The book Lady Zaynab focuses light, in a brief yet documented way, on the life account, personality, and struggle of Lady Zaynab, to the gentle readers hoping they will benefit from knowing the unparalleled life circumstances of this great lady and derive benefit leading them to human perfection.
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Badr Shahin got a Bachelor of Arts in Language, interpretation and translation from the University of Mosul in 1996 He currently lives in Iran where he works as translator of Islamic books.
About the book[edit | edit source]
This book published in Ansariyan Publications (January 1, 2002), has 240 pages and best sellers rank of 5,337,992 in Books.
This book deals with one such lady who entered the field of strife against the wrong with remarkable strength and said what was right and just in the faces of the wrongdoers and oppressors.
Abstract of chapters[edit | edit source]
Chapter 1: The Life of Lady Zaynab[edit | edit source]
This chapter introduces Lady Zaynab and talks about her scholarly capacities. The author in this part examines what happened to Zaynab from year of birth up to her marriage.
She possessed all that points towards her immaculate majestic, dignified, and distinguished origin. She also possesses renowned bearings in the fields of perseverance upon principles, courage, eloquence, and whole-heartedness besides asceticism, chastity, piety, holiness, and magnanimity.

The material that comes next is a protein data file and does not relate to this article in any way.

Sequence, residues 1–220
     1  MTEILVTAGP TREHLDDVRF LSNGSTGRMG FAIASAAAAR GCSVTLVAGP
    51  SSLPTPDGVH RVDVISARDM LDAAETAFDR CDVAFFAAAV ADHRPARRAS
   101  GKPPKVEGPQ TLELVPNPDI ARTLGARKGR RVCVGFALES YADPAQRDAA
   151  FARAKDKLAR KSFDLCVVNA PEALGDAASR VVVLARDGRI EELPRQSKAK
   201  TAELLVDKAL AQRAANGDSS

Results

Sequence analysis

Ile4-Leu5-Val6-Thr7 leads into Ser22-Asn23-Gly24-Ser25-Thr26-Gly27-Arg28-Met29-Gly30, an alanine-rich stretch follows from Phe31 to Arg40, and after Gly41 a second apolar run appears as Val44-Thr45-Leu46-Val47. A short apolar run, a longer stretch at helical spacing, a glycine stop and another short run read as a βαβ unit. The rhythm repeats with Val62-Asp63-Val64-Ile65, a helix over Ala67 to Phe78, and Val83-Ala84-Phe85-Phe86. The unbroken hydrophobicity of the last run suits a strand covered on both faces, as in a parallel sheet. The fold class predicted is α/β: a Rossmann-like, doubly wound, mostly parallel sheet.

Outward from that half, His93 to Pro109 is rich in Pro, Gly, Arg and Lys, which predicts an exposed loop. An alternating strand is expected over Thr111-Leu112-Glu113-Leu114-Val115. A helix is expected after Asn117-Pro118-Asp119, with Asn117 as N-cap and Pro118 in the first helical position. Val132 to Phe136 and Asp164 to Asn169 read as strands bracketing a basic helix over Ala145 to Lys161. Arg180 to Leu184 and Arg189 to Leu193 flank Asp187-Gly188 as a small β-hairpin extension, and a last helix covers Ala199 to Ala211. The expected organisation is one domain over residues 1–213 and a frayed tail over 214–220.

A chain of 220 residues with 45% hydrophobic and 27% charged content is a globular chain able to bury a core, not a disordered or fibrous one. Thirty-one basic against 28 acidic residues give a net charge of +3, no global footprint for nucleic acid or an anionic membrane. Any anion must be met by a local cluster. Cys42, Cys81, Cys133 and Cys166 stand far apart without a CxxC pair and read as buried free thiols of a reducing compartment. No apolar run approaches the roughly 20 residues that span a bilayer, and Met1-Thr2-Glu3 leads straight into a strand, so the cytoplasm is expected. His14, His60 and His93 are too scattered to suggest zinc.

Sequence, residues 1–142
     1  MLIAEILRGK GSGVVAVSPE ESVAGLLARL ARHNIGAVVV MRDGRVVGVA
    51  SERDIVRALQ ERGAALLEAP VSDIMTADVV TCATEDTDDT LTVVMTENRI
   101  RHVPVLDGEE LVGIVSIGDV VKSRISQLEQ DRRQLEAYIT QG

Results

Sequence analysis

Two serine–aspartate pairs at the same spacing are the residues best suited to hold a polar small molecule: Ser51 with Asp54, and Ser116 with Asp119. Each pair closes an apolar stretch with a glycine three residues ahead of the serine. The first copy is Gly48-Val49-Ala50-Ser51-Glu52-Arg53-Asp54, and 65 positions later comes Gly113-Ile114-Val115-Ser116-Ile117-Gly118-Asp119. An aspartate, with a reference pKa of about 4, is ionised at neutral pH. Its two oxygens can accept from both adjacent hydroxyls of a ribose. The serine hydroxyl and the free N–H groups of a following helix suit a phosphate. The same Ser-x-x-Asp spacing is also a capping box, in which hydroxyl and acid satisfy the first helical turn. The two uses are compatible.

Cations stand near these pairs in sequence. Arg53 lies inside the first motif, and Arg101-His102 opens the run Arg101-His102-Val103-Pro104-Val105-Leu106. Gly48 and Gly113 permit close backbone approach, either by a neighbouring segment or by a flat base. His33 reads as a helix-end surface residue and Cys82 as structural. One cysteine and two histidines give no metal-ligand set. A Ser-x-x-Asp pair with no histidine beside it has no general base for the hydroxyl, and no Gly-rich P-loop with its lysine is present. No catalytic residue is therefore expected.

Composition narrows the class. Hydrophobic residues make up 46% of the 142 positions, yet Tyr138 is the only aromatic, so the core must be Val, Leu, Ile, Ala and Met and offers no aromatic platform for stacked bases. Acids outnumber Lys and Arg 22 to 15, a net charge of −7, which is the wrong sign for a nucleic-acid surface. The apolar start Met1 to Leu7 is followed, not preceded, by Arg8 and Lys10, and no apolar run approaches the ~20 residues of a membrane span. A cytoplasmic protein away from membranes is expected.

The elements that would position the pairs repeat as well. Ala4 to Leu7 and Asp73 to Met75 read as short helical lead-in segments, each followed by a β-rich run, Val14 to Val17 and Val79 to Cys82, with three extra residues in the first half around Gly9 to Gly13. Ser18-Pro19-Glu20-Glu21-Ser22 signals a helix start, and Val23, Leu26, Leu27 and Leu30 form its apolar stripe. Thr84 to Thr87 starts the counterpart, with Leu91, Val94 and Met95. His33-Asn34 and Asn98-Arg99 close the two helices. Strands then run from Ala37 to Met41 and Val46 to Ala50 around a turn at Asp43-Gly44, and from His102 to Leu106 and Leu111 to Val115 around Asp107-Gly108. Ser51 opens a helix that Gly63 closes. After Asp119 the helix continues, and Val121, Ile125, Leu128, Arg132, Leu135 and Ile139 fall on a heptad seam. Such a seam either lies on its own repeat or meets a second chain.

Chapter 2: Personality[edit | edit source]
This chapter refers to some of peculiarities that made Lady Zaynab at the head of Muslim women including faith, dignity, courage, and so on. In this part, we notice that Lady Zaynab for her high position, was mentioned in a number of traditions ascribed to the Holy Prophet and the Ahl al-Bayt. According to Prophet’s saying, weeping for Zaynab is the same as weeping for her two brothers. She also was a trustworthy narrator of prophetic traditions and incidents that she lived or heard from her mother. The most famous one, was her mother’s address of Fadak.
Chapter 3: Horrifying Events[edit | edit source]
This chapter is a kind of introduction to Lady Zaynab’s griefs and sufferings. While she was in her early years, suffered bitterly from grand misfortunes. She had to encounter their effects. She was only five years old when these adversities invaded her youthful heart. She saw her beloved grandfather depart forever, saw her father swallow grief because of losing his cousin, and saw her mother mourn and ardently weep for her father’s passing away.
Chapter 4: The Caliphs’ Reign[edit | edit source]
The story of this chapter is that Abu Bakr resorted to a number of shameful means, hoping they would oblige the Imam Ali to renounce his right. The author here examines the rule of the Ottoman caliphs from one end to the other. By closing the final part of Uthman’s reign, a new page of the Islamic history began. Without the seditious matters that Aishah, Mawiyah, Talhah, and al-Zubayr aroused against Imam Ali’s government, his reign would have rectified all the problems that the three caliphs caused to the ummah.